A LOAD OF OLD ROWLOCKS OR AMATEUR EXCELLENCE?
An article by Ian Kilbride
Although I graduated from Warwick, the university with the top-ranked UK MBA and ranked second in the world, I still take a curious interest in the annual Oxford Cambridge boat race – to be held this year on Sunday 26 March. With chronological accuracy, this should actually be termed the Cambridge Oxford boat race as it was St John’s College Cambridge who in 1829, issued a challenge to Oxford to a rowing contest at Henley on Thames. They lost!
Since 1856, the boat race has been held annually save for the world war periods and then during the Covid pandemic of 2020. The current tally is 85 victories to the light blues of Cambridge and 81 to their dark blue Oxford rivals. In rowing terms, the course is a punishing combination of sprint and marathon, over the 6,8km stretch of the London Thames from Putney to Mortlake.
The event is typically held in miserably cold conditions between March and April and yet still attracts a crowd in excess of 250, 000 who brave the frigid conditions to support their alma mater, or cheer on the winner, or simply to watch while having a pint and a pie at many of the pubs along the winding Thames. In a welcome sign of the times, from 2015 the women’s eights have competed on exactly the same punishing Tideway course as the men and have produced some thrilling races.
The race has seen its fair share of drama too. The 1877 race was declared a dead heat, though with modern technology this is unlikely be the case ever again. In 1912, the year of the sinking of the Titanic, so too did both boats in particularly treacherous conditions. Cambridge also sank in 1859 and 1978. In 1984 the light blues didn’t even make it to the start line after colliding with a barge. It is rumoured that the Cambridge cox failed his navigation finals that year and was sent down (Oxbridge speak for expelled). In 2012, the race was halted for half an hour when an Australian, T. Oldfield, swam between both boats in protest against spending cuts, the erosion of civil liberties and a growing culture of elitism in BRITISH society! One assumes Mr Oldfield and his ancestors have still not quite recovered from the arrival of James Cook aboard the Endevour in 1770.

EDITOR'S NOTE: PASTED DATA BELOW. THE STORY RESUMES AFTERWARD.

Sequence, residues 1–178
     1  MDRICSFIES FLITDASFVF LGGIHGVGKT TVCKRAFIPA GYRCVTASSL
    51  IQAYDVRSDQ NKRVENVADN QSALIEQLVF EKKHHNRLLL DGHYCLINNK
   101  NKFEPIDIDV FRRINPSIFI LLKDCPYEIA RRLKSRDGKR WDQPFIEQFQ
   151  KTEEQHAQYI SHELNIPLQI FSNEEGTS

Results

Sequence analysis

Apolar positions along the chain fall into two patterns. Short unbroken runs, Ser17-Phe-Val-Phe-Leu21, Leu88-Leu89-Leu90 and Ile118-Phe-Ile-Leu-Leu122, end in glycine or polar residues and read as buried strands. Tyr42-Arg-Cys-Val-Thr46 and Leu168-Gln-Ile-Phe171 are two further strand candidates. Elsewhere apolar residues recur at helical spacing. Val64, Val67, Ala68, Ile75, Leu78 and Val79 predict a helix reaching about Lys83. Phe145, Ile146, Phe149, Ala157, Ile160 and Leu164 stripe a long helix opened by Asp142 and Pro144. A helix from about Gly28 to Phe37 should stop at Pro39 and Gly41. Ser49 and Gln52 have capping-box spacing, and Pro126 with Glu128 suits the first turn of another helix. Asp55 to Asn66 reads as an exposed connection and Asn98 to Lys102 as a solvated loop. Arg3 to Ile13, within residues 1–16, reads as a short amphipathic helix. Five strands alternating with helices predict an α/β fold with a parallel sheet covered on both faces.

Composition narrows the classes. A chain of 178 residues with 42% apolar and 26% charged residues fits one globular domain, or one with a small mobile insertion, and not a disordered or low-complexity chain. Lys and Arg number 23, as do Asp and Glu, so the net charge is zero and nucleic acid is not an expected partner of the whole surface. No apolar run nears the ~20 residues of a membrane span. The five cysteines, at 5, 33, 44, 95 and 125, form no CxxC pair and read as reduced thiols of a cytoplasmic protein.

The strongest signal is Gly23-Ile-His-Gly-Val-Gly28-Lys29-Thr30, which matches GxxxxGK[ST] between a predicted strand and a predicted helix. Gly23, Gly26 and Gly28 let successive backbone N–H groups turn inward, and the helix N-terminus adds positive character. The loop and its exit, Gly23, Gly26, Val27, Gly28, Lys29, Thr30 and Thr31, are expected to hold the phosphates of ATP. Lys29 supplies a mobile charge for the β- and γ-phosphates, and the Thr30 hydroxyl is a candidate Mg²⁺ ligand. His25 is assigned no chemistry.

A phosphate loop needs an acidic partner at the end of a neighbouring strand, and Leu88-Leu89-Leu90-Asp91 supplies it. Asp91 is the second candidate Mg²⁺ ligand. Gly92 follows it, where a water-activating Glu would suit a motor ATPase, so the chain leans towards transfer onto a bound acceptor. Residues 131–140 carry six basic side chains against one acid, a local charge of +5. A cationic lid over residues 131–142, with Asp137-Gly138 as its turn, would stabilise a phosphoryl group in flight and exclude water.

But the most infamous episode of all was the so-called mutiny carried out by the elite American Oxford rowers in 1987. Scalded by defeat the previous year, Oxford recruited a high-flying four from the United States in order to “kick Cambridge’s ass” (which is American for beat) according to their New World captain. Training regime, technique and leadership disputes resulted in the quarrelsome quartet ‘mutinying’, however, and being replaced by Oxford’s reserve rowers. They subsequently won by a mere four lengths.
But apart from all the tradition and folklore that goes with this quirky annual event, what’s the appeal? Well, it’s this. From October to March each year, athletically talented, highly intelligent and accomplished young people get up at 05:00am come rain, fog, sleet, snow and ice to train for an amateur event that will last less than 20 minutes of their lives. Irrespective of whether they are international rowers, Olympic gold medallists, PhDs or first years, all eights compete on the same footing, with the only prize being that of a ‘blues blazer’ and competitive pride at beating “the other place.” Win or lose, the crews cheer each other at the Mortlake boat houses finishing line and then proceed to throw their respective coxes into the grey Thames as punishment for what they have put their crews through.
Is it an elite sport? Yes, undoubtedly, but considerable effort is being made to ensure greater access to rowing from all communities, not just elite schools and universities. The boat race also exemplifies something that has been lost in most other sporting codes: amateur excellence, respect, honour and dignity. For me, it is a tradition worth keeping.
Ian Kilbride is the Chairman and CEO of The Spirit Group and an Honorary Professor at Stellenbosch Business School